After working a collective 35 years as CEO of two global nonprofit organizations, World Learning and Save the Children, I have come to believe that the fragmentation and unrealistic expectations in the donor marketplace account for much of the failure to scale in the social sector. The marketplace includes small donors, mega-philanthropists, foundations, corporations, and government agencies. Very different goals and motivations drive different types of donors, and few understand the duration, magnitude, and types of investments that real impact at transformative scale requires. That makes aggregating donors’ varying expectations into a coherent, large-scale strategy all but impossible.
The exception that proves the rule in my experience is the Saving Newborn Lives initiative led by the Bill & Melinda Gates Foundation and Save the Children. Both organizations saw that newborn mortality accounted for more than 40 percent of all deaths for children under age five in developing nations. To address this issue, the Gates Foundation made a large, multiyear, multicountry commitment to reduce newborn mortality. Since 2000, the foundation has allocated nearly $150 million to fund the upstream elements needed to improve newborn health at scale, specifically: international and national networks and conferences, ministerial and health system capacity-building, policy and legislative reform, operations research and evidence gathering, global health community engagement, and catalyzing government and donor investment at the field level.
This kind of philanthropic work might seem like common sense. It provides long-term commitments for chronic problems; synthesizes global, national, and local investments; coordinates activities of numerous stakeholders; commits funding to essential capacity- and field-building activities; and invests in the establishment of global and national movements that can sustain transformative change at scale. And yet, after more than three decades in the sector, Saving Newborn Lives is the only example I’ve seen first-hand. Every other attempt to achieve impact at scale has required that organizations painstakingly stitch together hundreds or thousands of grants of varying size, each with its own objectives, restrictions, and durations. No coherent whole can emerge from the sum of such disparate parts.
Why is this the case? Most donors focus on short-term, programmatic results. This is unfortunate, because such commitments don’t address the messiness inherent in personal or societal change, or the time and money required to make a serious difference. Furthermore, to many donors, capacity- and field-building sounds like “boring” and/or “wasteful” overhead.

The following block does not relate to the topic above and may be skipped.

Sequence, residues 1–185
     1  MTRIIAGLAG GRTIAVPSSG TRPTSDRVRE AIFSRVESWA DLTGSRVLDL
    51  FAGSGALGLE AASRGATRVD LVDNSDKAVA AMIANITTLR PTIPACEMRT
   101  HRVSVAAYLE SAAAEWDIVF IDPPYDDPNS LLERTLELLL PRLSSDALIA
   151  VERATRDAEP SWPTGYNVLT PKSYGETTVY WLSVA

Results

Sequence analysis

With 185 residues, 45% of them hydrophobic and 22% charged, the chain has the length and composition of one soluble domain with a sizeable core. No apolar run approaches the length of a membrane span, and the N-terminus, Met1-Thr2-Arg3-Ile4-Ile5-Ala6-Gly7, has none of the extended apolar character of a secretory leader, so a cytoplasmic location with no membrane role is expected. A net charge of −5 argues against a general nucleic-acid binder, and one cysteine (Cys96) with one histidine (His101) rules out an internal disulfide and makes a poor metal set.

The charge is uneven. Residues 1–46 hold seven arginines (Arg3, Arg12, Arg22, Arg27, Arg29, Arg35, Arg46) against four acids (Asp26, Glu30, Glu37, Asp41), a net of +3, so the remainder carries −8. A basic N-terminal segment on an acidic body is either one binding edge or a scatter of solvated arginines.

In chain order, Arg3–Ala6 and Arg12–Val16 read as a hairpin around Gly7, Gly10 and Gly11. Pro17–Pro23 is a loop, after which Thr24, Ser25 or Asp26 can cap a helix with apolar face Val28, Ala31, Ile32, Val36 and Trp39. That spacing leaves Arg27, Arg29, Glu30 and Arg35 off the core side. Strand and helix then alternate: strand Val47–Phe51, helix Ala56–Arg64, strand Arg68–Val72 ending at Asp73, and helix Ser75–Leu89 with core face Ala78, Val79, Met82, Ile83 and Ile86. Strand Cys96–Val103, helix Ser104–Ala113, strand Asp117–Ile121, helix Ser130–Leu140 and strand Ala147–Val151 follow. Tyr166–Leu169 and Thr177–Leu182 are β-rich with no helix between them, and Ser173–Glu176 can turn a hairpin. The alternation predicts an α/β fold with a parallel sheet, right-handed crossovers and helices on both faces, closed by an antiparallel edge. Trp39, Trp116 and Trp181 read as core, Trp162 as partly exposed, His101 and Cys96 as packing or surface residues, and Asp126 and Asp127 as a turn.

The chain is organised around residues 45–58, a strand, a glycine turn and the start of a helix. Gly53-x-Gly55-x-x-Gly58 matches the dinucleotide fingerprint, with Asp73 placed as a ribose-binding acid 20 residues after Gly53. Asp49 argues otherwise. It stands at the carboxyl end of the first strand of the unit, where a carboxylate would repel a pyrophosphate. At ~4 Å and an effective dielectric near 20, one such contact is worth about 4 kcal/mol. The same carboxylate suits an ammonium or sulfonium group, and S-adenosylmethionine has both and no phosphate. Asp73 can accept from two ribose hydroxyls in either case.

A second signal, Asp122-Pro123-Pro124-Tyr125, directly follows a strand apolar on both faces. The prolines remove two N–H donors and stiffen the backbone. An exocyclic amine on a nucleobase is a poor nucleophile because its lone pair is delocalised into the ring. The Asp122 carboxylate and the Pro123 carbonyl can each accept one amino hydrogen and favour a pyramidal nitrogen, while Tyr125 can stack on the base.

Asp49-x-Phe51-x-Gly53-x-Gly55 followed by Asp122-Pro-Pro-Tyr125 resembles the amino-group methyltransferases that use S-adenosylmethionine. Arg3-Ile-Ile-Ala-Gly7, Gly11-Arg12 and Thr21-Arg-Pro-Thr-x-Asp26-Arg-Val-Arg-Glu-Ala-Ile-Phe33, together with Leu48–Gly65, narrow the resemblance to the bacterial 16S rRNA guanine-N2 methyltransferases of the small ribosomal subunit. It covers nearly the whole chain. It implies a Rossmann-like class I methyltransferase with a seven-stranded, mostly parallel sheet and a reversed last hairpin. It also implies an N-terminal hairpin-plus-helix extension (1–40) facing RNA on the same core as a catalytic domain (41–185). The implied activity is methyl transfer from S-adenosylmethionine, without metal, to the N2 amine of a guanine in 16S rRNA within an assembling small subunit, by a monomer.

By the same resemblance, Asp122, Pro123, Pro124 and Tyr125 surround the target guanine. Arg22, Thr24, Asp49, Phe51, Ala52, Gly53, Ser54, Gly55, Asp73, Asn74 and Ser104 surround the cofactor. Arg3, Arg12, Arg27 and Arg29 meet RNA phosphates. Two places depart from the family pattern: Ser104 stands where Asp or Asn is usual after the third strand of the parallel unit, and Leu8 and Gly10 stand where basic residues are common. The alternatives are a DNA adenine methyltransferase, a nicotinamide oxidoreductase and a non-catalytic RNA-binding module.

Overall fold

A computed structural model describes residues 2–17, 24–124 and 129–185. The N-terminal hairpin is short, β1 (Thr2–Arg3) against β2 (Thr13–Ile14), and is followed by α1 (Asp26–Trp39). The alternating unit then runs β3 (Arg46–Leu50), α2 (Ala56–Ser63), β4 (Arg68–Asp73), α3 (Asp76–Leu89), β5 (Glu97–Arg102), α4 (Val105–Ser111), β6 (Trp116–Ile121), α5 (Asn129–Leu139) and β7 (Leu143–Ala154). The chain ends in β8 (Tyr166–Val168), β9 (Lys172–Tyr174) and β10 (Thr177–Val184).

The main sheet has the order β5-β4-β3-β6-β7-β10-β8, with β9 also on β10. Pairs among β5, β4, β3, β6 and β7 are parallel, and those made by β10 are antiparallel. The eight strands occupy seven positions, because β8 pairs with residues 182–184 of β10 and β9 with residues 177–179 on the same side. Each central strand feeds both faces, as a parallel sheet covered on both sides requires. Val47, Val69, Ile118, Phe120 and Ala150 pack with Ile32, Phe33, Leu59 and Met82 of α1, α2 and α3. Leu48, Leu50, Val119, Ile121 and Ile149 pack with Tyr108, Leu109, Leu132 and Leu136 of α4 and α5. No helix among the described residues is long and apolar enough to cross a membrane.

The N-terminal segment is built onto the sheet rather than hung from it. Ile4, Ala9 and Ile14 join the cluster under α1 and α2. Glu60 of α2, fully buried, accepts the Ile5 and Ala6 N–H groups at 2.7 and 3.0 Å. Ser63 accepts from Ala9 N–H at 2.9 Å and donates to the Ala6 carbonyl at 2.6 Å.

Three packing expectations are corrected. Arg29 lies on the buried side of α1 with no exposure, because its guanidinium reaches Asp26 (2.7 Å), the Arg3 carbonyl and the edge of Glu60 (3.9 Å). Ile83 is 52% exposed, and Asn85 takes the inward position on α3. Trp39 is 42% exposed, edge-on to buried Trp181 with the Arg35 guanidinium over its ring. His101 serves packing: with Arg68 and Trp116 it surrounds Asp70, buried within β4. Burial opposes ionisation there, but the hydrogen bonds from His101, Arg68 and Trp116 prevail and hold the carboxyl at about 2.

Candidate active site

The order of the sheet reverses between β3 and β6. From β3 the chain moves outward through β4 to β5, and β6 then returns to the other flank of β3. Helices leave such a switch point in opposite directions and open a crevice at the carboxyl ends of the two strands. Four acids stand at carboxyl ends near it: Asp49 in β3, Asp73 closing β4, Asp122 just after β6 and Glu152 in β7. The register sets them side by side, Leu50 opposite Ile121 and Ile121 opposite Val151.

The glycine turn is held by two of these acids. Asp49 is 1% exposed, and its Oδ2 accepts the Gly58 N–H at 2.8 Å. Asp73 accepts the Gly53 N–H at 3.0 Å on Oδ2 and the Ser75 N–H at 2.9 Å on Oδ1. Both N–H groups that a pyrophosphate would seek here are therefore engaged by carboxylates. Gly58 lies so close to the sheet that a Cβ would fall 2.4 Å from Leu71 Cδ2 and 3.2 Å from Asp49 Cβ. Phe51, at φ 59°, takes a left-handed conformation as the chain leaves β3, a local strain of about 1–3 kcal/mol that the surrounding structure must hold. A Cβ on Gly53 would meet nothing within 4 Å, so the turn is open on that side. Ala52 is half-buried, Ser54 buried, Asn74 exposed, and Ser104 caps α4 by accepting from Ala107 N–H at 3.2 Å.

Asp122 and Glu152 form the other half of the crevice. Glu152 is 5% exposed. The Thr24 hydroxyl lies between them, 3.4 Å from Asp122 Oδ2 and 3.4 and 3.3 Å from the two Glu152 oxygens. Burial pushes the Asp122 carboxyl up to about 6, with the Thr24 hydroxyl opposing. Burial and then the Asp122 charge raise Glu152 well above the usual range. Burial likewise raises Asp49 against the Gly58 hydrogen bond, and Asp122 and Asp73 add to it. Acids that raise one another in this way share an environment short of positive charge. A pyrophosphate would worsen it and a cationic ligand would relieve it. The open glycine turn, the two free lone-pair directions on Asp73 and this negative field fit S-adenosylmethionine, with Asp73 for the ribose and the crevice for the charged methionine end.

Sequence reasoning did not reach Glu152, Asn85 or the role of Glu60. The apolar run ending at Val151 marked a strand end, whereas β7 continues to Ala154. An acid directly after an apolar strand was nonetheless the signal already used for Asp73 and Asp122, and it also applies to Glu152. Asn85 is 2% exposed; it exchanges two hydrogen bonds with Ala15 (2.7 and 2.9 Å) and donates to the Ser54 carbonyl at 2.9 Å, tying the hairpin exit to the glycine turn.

Nonprofit organizations also contribute to donors’ misconceptions. When competing for funds on often-unrealistic marketplace terms, many nonprofits reinforce the illusion that there are simple, quick fixes to complicated problems and that organizations don’t require funding for robust organizational systems. Consequently, nonprofits often end up with short-term, smaller-scale grants that fundamentally inhibit strategic solutions. Moreover, the intense competition for funding in this fragmented market incentivizes a “winner-takes-all” mentality, when the reality is that only deep collaboration will address large-scale problems.
It doesn’t have to be this way. And it’s not just the Gates Foundation that can do things differently. Smaller donors can come together to form leadership groups that drive long-term solutions at scale. As a coherent team, they can pool investments and make aligned, long-term commitments to capacity building, policy change, and evidence gathering. Larger frameworks, such as the Millennium Development Goals, can help with this, providing global, national, and local stakeholders with a common work plan and timetable. Universities and think tanks can help set such agendas by organizing their research and recommendations around more concrete, multi-stakeholder initiatives.
The first and most important step is for major international donors in various sectors to congregate more regularly and commit to pool funding around shared large-scale strategies that use many organizations to implement. The process undoubtedly will be painful, but given the scale of today’s global problems and opportunities, the pay-off will be enormous.
Just as rays of light have little impact when scattered widely, but can cut through steel when tightly focused, so it is for donors’ efforts. In the Saving Newborn Lives initiative, the Gates Foundation used concentrated financial and convening power to dramatically improve a long-term global health problem. The Rockefeller Foundation did the same in decades past to support agricultural research and the Green Revolution. Other foundations and philanthropists supporting a great many global issues could play the same strategic role by coming together and agreeing on common strategies, time frames, and multi-stakeholder grants. I firmly believe that if we can reduce donor fragmentation and adjust unrealistic expectations, impact at a transformative scale will follow.